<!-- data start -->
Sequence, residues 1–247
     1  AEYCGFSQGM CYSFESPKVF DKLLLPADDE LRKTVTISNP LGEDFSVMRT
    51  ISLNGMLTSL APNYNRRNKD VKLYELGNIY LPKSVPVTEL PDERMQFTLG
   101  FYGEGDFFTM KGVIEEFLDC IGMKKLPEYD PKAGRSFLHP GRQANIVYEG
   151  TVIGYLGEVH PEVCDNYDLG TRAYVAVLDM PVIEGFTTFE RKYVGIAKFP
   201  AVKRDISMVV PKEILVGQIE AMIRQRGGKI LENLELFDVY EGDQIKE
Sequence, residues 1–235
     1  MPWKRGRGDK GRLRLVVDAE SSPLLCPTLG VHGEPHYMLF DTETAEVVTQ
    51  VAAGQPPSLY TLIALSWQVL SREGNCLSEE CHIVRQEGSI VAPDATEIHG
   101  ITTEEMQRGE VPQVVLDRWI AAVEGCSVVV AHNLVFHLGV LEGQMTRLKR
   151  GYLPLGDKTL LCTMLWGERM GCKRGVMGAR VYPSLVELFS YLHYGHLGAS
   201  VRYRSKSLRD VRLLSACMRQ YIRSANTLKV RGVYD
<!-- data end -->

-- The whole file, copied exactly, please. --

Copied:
Sequence, residues 1–247
     1  AEYCGFSQGM CYSFESPKVF DKLLLPADDE LRKTVTISNP LGEDFSVMRT
    51  ISLNGMLTSL APNYNRRNKD VKLYELGNIY LPKSVPVTEL PDERMQFTLG
   101  FYGEGDFFTM KGVIEEFLDC IGMKKLPEYD PKAGRSFLHP GRQANIVYEG
   151  TVIGYLGEVH PEVCDNYDLG TRAYVAVLDM PVIEGFTTFE RKYVGIAKFP
   201  AVKRDISMVV PKEILVGQIE AMIRQRGGKI LENLELFDVY EGDQIKE
Sequence, residues 1–235
     1  MPWKRGRGDK GRLRLVVDAE SSPLLCPTLG VHGEPHYMLF DTETAEVVTQ
    51  VAAGQPPSLY TLIALSWQVL SREGNCLSEE CHIVRQEGSI VAPDATEIHG
   101  ITTEEMQRGE VPQVVLDRWI AAVEGCSVVV AHNLVFHLGV LEGQMTRLKR
   151  GYLPLGDKTL LCTMLWGERM GCKRGVMGAR VYPSLVELFS YLHYGHLGAS
   201  VRYRSKSLRD VRLLSACMRQ YIRSANTLKV RGVYD